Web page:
Today is science fair day. It wasn’t required for her grade level, but I wanted to give Sunshine the experience of doing a project to completion and then showcasing it at school. She decided on plants, because she normally sings to her plants anyway.
So, we bought seeds, dirt and planted two plants in little coffee cups. Sunshine enjoyed singing to one of the plants everyday and leaving the other one in the guest room. I loved it when she came running one day “Mama, they are growing!!”
So now its time to make the poster board. The instructions clearly state that parents “should refrain from overly assisting their children”. So I typed up the info for the board (because her handwriting isn’t always legible right now) and printed letters of the alphabet to color and use to title the sections of her project. I also used a recommended website to create a lovely graph of her data.
Sunshine did all the coloring, most of the cutting, and most of the gluing (and you can tell).
I take her to school today to drop off the project, and I see rows and rows of damn near professional projects. The one next to her’s looks like it is a college level presentation with glossy xrays of bones, little flaps with tons of information on it. Nary a glue stain or scissor error to be found. The title of the project is made out of wooden letters, painted in bright colors and glued to the board. I felt a little better when I noticed that “BONES” was spelled “BONS”. Just a tiny bit.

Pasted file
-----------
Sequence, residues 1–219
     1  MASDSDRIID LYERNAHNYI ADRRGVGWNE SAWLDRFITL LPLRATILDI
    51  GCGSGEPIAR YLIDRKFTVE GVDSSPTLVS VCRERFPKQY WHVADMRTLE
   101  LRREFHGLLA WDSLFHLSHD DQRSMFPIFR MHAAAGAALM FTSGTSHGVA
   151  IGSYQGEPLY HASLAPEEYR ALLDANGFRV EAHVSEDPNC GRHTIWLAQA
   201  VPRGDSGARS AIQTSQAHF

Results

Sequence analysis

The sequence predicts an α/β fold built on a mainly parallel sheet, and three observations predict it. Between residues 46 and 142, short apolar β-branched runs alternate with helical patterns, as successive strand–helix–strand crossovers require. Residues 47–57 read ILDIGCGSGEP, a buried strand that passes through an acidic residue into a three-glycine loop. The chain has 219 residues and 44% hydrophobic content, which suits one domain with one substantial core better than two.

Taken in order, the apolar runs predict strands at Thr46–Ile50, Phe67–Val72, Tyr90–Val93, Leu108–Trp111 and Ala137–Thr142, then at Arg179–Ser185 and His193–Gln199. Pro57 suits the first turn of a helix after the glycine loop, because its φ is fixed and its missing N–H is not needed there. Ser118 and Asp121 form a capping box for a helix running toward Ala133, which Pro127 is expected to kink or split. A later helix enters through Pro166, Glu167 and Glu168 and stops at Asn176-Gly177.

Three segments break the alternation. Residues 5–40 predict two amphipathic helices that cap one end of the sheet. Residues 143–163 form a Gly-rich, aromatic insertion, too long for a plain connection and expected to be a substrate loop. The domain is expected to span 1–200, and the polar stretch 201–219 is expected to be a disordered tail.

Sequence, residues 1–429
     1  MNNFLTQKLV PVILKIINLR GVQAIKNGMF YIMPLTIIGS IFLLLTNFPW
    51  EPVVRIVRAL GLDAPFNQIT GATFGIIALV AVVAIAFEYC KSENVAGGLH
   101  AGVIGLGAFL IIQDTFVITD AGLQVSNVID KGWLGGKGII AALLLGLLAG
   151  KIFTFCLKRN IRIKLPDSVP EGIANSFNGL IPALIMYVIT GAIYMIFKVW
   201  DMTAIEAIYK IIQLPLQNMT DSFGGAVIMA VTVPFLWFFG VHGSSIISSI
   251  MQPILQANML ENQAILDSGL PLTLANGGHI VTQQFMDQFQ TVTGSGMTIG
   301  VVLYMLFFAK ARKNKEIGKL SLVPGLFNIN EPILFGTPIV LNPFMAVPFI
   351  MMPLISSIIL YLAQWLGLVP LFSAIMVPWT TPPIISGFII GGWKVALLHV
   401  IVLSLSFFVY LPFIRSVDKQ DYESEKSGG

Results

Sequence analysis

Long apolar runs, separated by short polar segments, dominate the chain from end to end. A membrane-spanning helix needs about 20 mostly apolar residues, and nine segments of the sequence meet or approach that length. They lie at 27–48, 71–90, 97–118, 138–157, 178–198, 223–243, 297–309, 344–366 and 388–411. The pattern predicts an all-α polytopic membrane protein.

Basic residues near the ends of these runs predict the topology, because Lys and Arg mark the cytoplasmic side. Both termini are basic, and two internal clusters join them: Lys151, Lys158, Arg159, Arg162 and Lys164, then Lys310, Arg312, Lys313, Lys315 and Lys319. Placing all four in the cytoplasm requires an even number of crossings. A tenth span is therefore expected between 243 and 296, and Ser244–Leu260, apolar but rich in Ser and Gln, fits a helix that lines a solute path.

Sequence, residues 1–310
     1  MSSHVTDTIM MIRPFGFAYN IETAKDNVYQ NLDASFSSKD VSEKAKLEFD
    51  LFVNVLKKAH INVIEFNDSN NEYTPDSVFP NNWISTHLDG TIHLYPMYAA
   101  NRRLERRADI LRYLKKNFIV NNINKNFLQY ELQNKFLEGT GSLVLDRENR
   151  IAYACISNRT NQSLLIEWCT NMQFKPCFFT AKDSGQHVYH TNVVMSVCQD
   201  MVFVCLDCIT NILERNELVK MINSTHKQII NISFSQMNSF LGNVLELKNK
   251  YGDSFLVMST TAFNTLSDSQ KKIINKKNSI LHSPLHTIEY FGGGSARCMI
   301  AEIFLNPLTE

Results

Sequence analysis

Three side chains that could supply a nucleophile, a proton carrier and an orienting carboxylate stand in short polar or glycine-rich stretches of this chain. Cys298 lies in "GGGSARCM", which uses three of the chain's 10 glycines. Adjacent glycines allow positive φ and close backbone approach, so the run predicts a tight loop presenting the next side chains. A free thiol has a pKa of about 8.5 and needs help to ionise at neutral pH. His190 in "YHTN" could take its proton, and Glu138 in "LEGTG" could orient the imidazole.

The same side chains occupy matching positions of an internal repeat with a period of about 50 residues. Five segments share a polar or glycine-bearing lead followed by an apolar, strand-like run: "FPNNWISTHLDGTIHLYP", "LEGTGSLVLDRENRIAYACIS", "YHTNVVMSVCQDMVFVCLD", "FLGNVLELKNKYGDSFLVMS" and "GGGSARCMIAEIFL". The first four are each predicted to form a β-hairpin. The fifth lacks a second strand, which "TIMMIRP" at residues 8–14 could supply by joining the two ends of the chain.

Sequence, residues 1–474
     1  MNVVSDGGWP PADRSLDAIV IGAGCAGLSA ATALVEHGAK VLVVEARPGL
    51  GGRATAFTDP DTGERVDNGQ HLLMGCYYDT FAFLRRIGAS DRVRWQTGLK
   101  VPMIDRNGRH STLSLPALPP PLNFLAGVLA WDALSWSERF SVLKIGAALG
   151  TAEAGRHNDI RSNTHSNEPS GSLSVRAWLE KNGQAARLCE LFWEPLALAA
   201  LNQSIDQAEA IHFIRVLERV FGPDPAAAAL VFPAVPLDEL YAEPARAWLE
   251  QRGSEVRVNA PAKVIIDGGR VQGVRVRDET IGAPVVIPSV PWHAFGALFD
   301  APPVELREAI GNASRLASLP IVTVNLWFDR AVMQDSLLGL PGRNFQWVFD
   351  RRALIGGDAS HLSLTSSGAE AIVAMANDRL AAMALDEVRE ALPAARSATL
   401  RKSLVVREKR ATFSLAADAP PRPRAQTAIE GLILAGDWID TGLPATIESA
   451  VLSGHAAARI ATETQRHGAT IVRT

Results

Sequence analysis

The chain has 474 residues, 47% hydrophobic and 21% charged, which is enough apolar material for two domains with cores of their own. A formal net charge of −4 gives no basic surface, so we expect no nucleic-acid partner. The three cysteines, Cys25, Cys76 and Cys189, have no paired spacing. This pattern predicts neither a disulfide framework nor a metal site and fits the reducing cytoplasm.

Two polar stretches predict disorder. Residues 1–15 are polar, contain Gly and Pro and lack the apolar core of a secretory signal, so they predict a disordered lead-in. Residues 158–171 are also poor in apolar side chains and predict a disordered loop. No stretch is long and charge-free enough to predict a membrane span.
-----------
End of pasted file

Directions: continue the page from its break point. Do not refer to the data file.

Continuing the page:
The little peek of the other projects revealed a hovercraft, demonstrations on the action of breathing (complete with soda bottle lungs and a balloon diaphragm) and similar projects to Sunshine’s. Only that one was professionally typed and put together. No kid (even in the fifth grade) has handwriting that perfect.
I understand the motives of the other parents to “help” their kids, but what is it teaching them if the parents are doing it? Sunshine learned the value of starting a project, learning about plants, doing an experiment and exhibiting her findings. She learned that she can’t quit halfway through, and that Mommy will only help with certain things. She learned that its hard work to do something like this, but she did it, and now she has a sense of pride.
We will go to the official exhibit tonight to see if she has won anything. She will get to see everyone else’s projects and we will probably have a discussion about the number of projects that did not look like a six year old did it. I’ll have to explain to her that sometimes parents help their kids too much, and she did an amazing job because she did it herself.
She is learning a lot of life lessons this week..